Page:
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Thread: Optics question regarding divergence when using a cylinder lens

  1. #1
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    Default Optics question regarding divergence when using a cylinder lens

    My question is in regard to what I'm going to call divergence but I don't know if that really applies in this case. For example, if I have a 1.5 mRad 532nm laser and shoot it through a round cylinder lens to produce a line, what happens to the divergence in the opposite plane of the line? Is it the same, depending upon the divergence of the beam shooting through it? I've wondered if the divergence isn't reduced, when looking at a line lens as a kind of beam expander, except in only one plane. Perhaps that idea is way off from reality, but hoping someone might know.

  2. #2
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    When the cylinder expands the beam it does not change the beam dimensions or the divergence in the plane perpendicular to the line. But, your eye, just like a CCD, can saturate and when the intensity of the spot get's greater the spot appears to grow larger. The cylinder spreads out the light, the intensity is reduced and so the line looks thinner. Try viewing the original spot without the lens,but look through a filter or dense sun glasses. It will look smaller.

  3. #3
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    Thank you, that explains how it looks and I agree, when I have my eye protection on I can see the dot is very small and with a line, much thinner to the eye due to the reduced intensity and from that being able to see it. I was wondering from a theoretical respect whether the line might not spread out with as much divergence as the beam of the laser normally spreads. The amount of spread a line has must have an amount of divergence too, I was wondering if there is a way to reduce it? With a normal beam we can use beam expanders to reduce divergence, but with a line, how can I reduce its divergence? Perhaps impossible.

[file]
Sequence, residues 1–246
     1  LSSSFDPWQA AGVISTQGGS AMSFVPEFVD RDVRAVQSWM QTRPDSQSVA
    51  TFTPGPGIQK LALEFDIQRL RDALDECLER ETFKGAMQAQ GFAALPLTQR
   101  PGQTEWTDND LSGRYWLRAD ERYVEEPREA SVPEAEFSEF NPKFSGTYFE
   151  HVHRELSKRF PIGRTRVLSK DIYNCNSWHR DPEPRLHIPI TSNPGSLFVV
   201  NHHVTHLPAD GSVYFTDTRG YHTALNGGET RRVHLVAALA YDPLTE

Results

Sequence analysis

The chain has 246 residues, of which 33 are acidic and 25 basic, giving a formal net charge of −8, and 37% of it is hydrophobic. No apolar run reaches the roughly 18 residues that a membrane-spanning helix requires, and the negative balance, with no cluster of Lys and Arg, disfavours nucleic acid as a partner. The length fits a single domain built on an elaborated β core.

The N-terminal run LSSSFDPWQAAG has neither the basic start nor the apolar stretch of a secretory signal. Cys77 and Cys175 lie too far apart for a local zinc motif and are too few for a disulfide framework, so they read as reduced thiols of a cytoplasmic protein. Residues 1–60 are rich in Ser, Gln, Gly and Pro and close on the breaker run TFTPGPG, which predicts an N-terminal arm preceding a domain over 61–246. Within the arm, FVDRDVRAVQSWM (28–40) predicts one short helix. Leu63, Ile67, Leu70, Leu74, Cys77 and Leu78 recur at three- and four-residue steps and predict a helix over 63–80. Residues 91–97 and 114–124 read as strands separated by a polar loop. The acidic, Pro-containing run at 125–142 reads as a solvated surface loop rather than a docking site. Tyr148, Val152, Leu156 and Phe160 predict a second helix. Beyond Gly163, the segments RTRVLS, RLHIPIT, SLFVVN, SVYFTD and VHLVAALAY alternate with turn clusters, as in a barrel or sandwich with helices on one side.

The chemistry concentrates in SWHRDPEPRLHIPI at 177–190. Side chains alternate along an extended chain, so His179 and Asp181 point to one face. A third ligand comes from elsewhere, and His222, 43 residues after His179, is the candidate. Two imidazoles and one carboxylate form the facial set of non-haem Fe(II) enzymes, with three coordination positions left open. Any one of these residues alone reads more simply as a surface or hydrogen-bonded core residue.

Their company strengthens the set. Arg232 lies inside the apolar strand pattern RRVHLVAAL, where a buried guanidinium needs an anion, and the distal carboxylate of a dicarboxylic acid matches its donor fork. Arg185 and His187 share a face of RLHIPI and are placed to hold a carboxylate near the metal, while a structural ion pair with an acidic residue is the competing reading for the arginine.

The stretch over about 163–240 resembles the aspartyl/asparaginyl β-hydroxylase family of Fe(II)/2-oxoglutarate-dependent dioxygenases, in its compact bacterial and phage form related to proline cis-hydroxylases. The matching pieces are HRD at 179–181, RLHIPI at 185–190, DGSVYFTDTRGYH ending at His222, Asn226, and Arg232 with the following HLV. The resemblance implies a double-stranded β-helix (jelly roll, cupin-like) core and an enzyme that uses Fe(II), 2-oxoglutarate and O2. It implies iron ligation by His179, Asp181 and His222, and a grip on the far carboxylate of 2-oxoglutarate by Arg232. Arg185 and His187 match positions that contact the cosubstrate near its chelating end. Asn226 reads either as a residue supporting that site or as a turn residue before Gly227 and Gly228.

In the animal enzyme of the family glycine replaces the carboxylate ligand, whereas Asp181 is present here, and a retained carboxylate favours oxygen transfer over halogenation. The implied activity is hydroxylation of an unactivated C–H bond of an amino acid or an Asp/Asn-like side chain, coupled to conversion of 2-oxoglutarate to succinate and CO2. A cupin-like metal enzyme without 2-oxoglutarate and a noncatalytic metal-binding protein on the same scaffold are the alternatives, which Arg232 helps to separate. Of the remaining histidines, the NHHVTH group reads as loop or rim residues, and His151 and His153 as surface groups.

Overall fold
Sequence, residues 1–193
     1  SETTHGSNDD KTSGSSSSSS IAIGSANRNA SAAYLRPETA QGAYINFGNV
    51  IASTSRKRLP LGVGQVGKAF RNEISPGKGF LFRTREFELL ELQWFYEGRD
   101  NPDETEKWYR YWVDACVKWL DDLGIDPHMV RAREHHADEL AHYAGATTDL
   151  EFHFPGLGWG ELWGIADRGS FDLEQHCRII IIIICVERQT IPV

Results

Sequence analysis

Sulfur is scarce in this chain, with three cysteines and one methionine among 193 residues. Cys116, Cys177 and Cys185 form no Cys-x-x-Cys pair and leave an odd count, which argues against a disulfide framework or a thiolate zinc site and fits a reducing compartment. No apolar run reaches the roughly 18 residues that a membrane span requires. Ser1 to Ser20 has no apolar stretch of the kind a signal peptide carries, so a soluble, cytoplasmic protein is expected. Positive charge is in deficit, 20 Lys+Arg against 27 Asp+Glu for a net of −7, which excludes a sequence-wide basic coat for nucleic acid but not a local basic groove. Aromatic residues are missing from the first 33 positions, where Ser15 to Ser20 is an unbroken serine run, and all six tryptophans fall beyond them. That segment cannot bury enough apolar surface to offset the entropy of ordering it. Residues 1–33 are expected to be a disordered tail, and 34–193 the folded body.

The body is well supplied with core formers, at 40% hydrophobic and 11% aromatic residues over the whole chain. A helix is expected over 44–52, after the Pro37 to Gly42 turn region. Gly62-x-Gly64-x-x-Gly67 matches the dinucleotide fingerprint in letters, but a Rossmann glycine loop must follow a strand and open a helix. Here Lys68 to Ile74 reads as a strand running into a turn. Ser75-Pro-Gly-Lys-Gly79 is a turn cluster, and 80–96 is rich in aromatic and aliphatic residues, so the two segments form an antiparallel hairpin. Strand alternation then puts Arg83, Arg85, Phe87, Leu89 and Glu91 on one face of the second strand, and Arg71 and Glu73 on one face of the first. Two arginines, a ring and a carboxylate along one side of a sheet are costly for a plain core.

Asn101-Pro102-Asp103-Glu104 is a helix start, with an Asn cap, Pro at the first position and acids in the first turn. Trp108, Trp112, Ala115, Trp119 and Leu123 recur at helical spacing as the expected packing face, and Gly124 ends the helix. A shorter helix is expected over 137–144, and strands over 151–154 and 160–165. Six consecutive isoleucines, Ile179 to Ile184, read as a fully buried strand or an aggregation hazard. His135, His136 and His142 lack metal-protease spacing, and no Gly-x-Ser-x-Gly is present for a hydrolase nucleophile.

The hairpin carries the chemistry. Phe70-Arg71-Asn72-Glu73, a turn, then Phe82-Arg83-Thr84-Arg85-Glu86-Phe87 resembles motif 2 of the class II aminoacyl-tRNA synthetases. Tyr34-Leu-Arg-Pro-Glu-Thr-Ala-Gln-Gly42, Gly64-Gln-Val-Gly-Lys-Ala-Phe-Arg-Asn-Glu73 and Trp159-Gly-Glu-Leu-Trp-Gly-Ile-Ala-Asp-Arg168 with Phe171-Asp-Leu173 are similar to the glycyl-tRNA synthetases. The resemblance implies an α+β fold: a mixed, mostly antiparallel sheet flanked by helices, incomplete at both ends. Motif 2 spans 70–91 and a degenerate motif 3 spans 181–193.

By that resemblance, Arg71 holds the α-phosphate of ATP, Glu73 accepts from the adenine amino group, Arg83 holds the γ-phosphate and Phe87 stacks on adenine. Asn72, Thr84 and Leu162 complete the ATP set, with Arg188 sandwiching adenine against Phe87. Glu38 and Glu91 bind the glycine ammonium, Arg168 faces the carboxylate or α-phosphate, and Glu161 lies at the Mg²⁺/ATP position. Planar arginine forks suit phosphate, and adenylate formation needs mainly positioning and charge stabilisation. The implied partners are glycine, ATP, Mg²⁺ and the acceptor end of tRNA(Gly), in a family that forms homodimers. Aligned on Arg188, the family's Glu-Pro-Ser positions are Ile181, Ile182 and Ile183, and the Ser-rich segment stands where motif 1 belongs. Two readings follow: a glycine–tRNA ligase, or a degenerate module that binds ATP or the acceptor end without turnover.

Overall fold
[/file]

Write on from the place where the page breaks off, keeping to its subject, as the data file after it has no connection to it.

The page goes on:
4. #4
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    This is not at all impossible. To thin the line you need to reduce the divergence in the plane perpendicular to the line. Whether you use the cylinder or not, the axis perpendicular to it can be treated as you treat any beam. You can use beam expansion with either an anamorphic prism pair or a cylinder pair. Or, you can use a pair of spherical lenses to expand the beam in both plains (you're going to spread one of them even further with the single cylinder, so who cares). Another issues with many Chinese (low budget lasers) is that they are not perfectly focused from the factory. Using a lens pair to expand the beam allows you to add a small amount of positive or negative correction as well. This is almost like getting something for nothing where even a 1:1 power telescope can still improve the divergence.

  5. #5
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    Thank you, I was looking for a way to keep the line as thin as possible for as long a distance as I can, hoping the mere spreading of the beam using a round cylinder lens could do so in some kind of inverse relationship from that alone. From this answer, it appears the mRad of the beam going into a cylinder lens determines the spreading of the line in the opposite plane, unless adding a pair of corrective optics. Although, I'm not confident I understood you fully.

  6. #6
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    You've got it. You will have to add optics, but the optics are simple and easy to set up. If you go that way, post about it and specific recommendations can be given.

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